Marco Farfan - 9: My man of the match, Marco routinely kept Revolution forward Kei Kamara occupied while moving forward to help the offense. I'm still flabbergasted he's only 18 and hanging with MLS caliber players like it's nothing.
Lawrence Olum - 5: Did his job reasonably well without too many glaring errors.
Roy Miller - 5: I would like to mark him up for some offensive support, but it would be cancelled out by some marking errors and questionable positioning at points.
Alvas Powell - 6. If Alvas could even learn to put a cross in a good spot regularly, his career would skyrocket. Instead, we have a player that makes mistakes but covers them up with recovery speed.
Diego Chara - 4: While I talked about Nagbe being MIA, I thought you could say the same for Chara as well. I didn't notice his influence as much in this match, whether that was due to the Revs neutralizing him or Chara just being out of position, but he was more effective at certain points.
Nagbe was very good at passing, but not much else (J.Kesgard)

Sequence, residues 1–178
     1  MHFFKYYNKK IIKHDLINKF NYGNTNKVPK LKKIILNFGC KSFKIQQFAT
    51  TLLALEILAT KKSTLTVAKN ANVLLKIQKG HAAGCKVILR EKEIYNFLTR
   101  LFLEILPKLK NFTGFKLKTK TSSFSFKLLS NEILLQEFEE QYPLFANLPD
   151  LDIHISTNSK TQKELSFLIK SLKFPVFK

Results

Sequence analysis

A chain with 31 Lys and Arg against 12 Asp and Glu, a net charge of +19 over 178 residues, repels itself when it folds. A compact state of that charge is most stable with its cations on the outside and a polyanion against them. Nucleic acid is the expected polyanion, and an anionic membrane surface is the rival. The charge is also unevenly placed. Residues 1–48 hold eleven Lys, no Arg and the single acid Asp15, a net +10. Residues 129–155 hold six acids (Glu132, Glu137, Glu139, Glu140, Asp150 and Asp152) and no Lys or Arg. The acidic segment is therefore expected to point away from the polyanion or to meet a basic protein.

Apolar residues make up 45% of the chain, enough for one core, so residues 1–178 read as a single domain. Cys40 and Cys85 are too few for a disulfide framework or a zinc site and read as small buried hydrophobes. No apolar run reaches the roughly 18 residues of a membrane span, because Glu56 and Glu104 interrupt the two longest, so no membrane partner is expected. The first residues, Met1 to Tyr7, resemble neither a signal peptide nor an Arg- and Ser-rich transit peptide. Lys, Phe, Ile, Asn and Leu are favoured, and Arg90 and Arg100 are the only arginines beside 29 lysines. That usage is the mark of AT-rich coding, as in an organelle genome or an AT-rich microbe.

David Guzman 6: I liked his game and it would have been awesome for him to net another goal, but I did feel his effectiveness wasn't as good as we've seen in previous matches. Perhaps it was rushed passes or the midweek return after international play, but I thought we saw Guzman at about 70 percent. Still good, but not enough to completely control the midfield.
Darlington Nagbe - 3: See above.
Diego Valeri - 8: His goal was amazing, and he created lots of chances with creativity and pace. We are seeing greatness each time he takes to the pitch, and I'm just waiting to see what more he can do for this team each week.
Sebastian Blanco - 7: Did well for the limited chances that came his way, but did have issues linking passes to  others, but I credit New England with influencing this as much as anything.
Fanendo Adi - 4: Had his chances, but rushed more that a few shots on the day. A patient Adi is a dangerous Adi, and we like it when Fanendo is dangerous.
New England - 7: They played feisty and physical with only getting 2 cautions. Nobody got hurt and they earned a point late off a sloppy play by the Timbers defense. What's not to like from a road match where you get points?
Timbers - 5: Offense was solid in the first half, passive in the second; defense was able to stay organized in the first, and then got out of sync in the second half. The draw was disappointing, but it was likely the most fair result for both sides.
Snarktography - 10. The return of something really awesome? Okay!